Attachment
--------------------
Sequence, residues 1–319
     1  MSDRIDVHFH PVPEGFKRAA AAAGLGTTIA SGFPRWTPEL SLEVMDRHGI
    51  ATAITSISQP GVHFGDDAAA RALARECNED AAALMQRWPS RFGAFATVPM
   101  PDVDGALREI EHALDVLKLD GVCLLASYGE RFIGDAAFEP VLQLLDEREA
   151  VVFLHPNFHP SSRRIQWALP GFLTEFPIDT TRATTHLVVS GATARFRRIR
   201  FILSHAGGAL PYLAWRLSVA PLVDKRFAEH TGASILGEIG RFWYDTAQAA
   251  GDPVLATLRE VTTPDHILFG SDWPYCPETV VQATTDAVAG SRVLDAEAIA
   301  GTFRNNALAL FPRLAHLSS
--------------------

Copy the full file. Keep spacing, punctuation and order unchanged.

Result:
Sequence, residues 1–319
     1  MSDRIDVHFH PVPEGFKRAA AAAGLGTTIA SGFPRWTPEL SLEVMDRHGI
    51  ATAITSISQP GVHFGDDAAA RALARECNED AAALMQRWPS RFGAFATVPM
   101  PDVDGALREI EHALDVLKLD GVCLLASYGE RFIGDAAFEP VLQLLDEREA
   151  VVFLHPNFHP SSRRIQWALP GFLTEFPIDT TRATTHLVVS GATARFRRIR
   201  FILSHAGGAL PYLAWRLSVA PLVDKRFAEH TGASILGEIG RFWYDTAQAA
   251  GDPVLATLRE VTTPDHILFG SDWPYCPETV VQATTDAVAG SRVLDAEAIA
   301  GTFRNNALAL FPRLAHLSS